20 20 a Degree of a vertex Definition 1. The degree of a vertex in an undirected graph is the number of edges incident with it, except that a loop at a vertex contributes twice to the degree of that vertex. b g f e c d deg( e ) = 0

21 21 a deg( b ) = 6 Degree of a vertex Definition 1. The degree of a vertex in an undirected graph is the number of edges incident with it, except that a loop at a vertex contributes twice to the degree of that vertex. b g f e c d

22 22 a deg( b ) = 6 Degree of a vertex Find the degree of all the other vertices. deg( a )deg( c )deg( f )deg( g ) b g f e c d deg( d ) = 1 deg( e ) = 0

23 23 a deg( b ) = 6 Degree of a vertex Find the degree of all the other vertices. deg( a ) = 2deg( c ) = 4deg( f ) = 3deg( g ) = 4 b g f e c d deg( d ) = 1 deg( e ) = 0

24 24 a deg( b ) = 6 Degree of a vertex Find the degree of all the other vertices. deg( a ) = 2deg( c ) = 4deg( f ) = 3deg( g ) = 4 TOTAL of degrees = = 20 b g f e c d deg( d ) = 1 deg( e ) = 0

25 25 a deg( b ) = 6 Degree of a vertex Find the degree of all the other vertices. deg( a ) = 2deg( c ) = 4deg( f ) = 3deg( g ) = 4 TOTAL of degrees = = 20 TOTAL NUMBER OF EDGES = 10 b g f e c d deg( d ) = 1 deg( e ) = 0

26 26 Theorem 1. Let G = (V, E) be an undirected graph G with e edges. Then  deg( v ) = 2 e v  V “The sum of the degrees over all the vertices equals twice the number of edges.” NOTE: This applies even if multiple edges and loops are present. Handshaking Theorem

27 27 Definition 6. A subgraph of a graph G = (V, E) is a graph H = (W, F) where W  V and F  E. Subgraph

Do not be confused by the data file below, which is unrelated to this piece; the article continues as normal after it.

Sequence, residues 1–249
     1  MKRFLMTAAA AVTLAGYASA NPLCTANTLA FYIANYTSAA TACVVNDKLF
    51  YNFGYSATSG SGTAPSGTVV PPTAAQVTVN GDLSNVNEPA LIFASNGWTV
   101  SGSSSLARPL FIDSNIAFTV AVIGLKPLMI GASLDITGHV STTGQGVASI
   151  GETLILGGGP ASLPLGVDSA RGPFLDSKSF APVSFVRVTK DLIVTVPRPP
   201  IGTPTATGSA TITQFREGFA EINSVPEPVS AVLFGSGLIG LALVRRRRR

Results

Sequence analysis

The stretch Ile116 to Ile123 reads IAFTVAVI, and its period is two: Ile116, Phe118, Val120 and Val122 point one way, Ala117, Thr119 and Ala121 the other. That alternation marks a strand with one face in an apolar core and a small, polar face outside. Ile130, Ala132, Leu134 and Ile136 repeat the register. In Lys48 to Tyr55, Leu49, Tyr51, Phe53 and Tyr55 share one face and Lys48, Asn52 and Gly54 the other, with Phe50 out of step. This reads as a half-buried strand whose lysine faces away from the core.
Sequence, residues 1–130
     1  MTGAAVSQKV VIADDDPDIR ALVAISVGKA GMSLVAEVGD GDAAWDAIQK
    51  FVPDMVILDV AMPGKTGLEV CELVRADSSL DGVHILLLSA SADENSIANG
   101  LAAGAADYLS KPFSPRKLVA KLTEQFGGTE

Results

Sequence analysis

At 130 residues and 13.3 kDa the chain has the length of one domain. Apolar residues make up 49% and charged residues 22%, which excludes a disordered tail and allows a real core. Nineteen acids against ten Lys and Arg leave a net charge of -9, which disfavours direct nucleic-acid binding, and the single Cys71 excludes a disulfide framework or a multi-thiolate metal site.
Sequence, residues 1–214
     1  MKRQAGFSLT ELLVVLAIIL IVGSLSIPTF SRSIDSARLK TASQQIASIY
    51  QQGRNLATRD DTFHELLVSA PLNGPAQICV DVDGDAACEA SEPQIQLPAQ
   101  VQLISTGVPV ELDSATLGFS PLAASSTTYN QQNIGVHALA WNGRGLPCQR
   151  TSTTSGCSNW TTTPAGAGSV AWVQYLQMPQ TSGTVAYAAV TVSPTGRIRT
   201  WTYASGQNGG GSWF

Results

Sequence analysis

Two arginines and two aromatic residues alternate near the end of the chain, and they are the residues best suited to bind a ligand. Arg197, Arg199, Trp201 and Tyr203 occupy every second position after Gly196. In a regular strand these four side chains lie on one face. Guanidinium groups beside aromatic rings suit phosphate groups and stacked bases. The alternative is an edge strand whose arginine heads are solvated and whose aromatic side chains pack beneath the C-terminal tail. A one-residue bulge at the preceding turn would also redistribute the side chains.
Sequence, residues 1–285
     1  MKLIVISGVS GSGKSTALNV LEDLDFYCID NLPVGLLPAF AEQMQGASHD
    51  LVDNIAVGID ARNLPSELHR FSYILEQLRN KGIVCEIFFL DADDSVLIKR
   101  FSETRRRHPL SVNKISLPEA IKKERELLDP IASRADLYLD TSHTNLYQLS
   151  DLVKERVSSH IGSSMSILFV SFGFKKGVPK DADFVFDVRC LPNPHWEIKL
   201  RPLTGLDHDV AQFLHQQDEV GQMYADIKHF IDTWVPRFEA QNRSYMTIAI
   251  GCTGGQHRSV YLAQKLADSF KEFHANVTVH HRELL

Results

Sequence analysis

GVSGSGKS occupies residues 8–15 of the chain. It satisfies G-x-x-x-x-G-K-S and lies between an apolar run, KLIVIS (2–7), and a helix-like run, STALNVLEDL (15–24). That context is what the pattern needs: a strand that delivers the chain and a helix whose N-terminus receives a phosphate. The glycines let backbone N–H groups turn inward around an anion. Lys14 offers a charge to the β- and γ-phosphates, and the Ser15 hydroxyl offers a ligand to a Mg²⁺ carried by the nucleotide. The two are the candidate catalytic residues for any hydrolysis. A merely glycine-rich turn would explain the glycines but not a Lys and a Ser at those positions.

28 28 C 5 is a subgraph of K 5 C 5 K 5

29 29 Definition 7. The union of 2 simple graphs G 1 = ( V 1, E 1 ) and G 2 = ( V 2, E 2 ) is the simple graph with vertex set V = V 1  V 2 and edge set E = E 1  E 2. The union is denoted by G 1  G 2. Union

30 30 W 5 is the union of S 5 and C 5 C 5 W 5 S 5 a b c e d a c e a b c e d a b c e d f f

31 31 A simple graph G = (V, E) with n vertices can be represented by its adjacency matrix, A, where entry a ij in row i and column j is 1 if { v i, v j } is an edge in G, a ij = 0 otherwise. Adjacency Matrix

32 32 Finding the adjacency matrix This graph has 6 vertices a, b, c, d, e, f. We can arrange them in that order. d W 5 a b c e a c e f

33 33 Finding the adjacency matrix a b c d e f d a b c d e f FROM TO There are edges from a to b, from a to e, and from a to f W 5 a b c e a c e f

34 34 Finding the adjacency matrix a b c d e f d a b c d e f FROM TO There are edges from b to a, from b to c, and from b to f W 5 a b c e a c e f

35 35 Finding the adjacency matrix a b c d e f d a b c d e f FROM TO There are edges from c to b, from c to d, and from c to f W 5 a b c e a c e f

36 36 Finding the adjacency matrix a b c d e f a b c d e f FROM TO COMPLETE THE ADJACENCY MATRIX... d W 5 a b c e a c e f

37 37 Finding the adjacency matrix a b c d e f d a b c d e f FROM TO Notice that this matrix is symmetric. That is a ij = a ji Why? W 5 a b c e a c e f

38 38 Definition 1. A path of length n from u to v in an undirected graph is a sequence of edges e 1, e 2,..., e n of the graph such that edge e 1 has endpoints x o and x 1, edge e 2 has endpoints x 1 and x 2,... and edge e n has endpoints x n-1 and x n, where x 0 = u and x n = v. Path of Length n

39 39 One path from a to e This path passes through vertices f and d in that order. d W 5 a b c e a c f e

40 40 One path from a to a This path passes through vertices f, d, e, in that order. It has length 4. It is a circuit because it begins and ends at the same vertex. It is called simple because it does not contain the same edge more than once. d W 5 a b c e a c f e

41 41 Definition 3. An undirected graph is called connected if there is a path between every pair of distinct vertices of the graph. IS THIS GRAPH CONNECTED? Path of Length n W 5 a b c e a c e f

42 42 Theorem 1. There is a simple path between every pair of distinct vertices of a connected undirected graph. Theorem 1

43 43 Theorem 2. Let G be a graph with adjacency matrix A with respect to the ordering v 1, v 2,..., v n. The number of different paths of length r from v i to v j, where r is a postive integer, equals the entry in row i and column j of A r. NOTE: This applies with directed or undirected edges, with multiple edges and loops allowed. Paths of Length r between Vertices